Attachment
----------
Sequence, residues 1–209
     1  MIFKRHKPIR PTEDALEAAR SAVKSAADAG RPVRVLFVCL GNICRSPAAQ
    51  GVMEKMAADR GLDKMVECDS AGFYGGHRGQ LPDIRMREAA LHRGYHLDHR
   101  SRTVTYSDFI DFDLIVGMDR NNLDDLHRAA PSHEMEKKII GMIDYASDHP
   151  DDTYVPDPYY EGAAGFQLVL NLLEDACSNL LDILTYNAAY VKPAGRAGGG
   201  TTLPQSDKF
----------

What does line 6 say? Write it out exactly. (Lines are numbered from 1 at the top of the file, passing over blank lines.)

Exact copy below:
   201  TTLPQSDKF